Chronic constipation is a chronic, functional GI disorder characterized by infrequent bowel movements or difficult passage of stools that persists for several weeks or longer and has an unknown cause. Though occasional constipation is very common, some people experience chronic constipation that can interfere with their ability to go about their daily tasks. Signs and symptoms of chronic constipation can include passing fewer than three stools a week, having lumpy or hard stools and excessive straining to have bowel movements. Constipation may be considered chronic if multiple symptoms are experienced for at least three months.
Many sufferers of chronic constipation are reported to be unsatisfied with current treatment options.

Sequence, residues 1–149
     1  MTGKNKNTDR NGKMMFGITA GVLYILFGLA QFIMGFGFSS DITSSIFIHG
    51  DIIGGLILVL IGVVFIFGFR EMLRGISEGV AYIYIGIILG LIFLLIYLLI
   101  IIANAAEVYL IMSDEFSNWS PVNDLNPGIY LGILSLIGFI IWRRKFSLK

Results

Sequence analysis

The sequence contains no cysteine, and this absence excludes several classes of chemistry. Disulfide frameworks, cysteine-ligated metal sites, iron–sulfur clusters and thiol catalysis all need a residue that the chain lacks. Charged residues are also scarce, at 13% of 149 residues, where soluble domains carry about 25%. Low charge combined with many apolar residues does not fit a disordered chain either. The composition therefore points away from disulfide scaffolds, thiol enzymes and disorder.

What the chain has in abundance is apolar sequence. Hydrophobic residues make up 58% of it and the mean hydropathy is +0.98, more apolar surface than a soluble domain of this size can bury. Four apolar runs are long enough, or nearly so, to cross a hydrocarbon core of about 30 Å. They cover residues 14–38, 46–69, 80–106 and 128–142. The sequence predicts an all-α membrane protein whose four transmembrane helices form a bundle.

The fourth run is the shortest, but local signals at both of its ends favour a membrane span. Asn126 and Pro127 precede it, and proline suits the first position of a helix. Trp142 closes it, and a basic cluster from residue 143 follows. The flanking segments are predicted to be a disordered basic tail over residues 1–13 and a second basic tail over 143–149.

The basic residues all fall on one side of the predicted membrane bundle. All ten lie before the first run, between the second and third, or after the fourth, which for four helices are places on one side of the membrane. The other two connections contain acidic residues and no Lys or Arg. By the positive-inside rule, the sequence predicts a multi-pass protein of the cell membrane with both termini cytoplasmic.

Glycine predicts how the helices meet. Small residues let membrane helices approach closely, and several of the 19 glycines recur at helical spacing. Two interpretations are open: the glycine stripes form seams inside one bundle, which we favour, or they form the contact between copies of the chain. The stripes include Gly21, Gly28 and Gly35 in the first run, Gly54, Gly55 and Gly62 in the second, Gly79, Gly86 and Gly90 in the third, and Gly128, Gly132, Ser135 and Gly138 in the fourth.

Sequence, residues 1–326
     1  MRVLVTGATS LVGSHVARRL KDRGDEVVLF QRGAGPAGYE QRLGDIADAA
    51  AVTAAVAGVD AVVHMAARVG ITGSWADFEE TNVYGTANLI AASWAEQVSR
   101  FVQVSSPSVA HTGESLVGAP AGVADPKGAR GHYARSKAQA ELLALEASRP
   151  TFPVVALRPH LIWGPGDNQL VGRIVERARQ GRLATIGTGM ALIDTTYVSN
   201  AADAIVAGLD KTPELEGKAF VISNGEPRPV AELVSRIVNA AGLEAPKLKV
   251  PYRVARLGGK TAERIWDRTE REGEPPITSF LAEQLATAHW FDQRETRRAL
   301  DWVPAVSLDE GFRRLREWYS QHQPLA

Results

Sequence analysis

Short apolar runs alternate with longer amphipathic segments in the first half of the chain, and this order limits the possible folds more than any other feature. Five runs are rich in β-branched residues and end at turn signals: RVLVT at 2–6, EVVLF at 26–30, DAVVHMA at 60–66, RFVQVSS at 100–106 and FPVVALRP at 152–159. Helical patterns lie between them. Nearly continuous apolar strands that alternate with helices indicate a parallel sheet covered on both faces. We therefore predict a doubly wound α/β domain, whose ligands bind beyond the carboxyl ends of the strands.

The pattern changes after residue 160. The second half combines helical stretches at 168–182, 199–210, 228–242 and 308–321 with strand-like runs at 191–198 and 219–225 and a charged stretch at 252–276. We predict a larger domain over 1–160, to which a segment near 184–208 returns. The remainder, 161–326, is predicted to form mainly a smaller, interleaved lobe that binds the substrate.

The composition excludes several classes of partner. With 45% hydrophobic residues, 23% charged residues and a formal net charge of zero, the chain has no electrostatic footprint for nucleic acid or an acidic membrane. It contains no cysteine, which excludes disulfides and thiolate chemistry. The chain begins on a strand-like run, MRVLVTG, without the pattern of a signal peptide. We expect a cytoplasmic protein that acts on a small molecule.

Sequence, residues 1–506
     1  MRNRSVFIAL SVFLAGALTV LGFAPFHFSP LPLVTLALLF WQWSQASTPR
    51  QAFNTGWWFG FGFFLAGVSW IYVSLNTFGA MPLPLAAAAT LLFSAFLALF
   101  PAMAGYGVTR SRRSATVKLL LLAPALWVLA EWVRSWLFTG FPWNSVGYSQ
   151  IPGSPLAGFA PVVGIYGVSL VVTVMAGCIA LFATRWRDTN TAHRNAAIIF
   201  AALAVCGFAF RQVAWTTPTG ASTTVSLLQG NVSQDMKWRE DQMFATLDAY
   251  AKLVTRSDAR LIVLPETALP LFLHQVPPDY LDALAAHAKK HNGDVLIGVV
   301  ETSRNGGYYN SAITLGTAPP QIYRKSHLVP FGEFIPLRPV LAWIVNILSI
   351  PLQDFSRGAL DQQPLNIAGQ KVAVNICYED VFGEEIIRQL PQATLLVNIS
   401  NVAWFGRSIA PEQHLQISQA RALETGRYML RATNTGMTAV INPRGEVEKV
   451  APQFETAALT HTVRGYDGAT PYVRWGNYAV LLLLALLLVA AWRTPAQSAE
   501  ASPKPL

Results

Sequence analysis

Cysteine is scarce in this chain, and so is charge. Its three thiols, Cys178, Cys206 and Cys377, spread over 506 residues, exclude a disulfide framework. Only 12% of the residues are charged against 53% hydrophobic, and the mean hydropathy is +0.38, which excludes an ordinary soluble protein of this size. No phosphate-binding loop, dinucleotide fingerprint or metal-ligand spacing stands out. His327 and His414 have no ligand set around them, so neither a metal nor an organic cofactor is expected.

The pathophysiology of chronic constipation is not completely understood, and clinical evidence shows that modulation of bile acids may be a useful therapeutic approach. For example, studies have shown that changes in bile acid concentrations in the colon alter bowel function, that ileal resection results in diarrhea, and that decreasing bile acid concentrations in the colon through the use of the bile acid sequestrant cholestyramine induces constipation.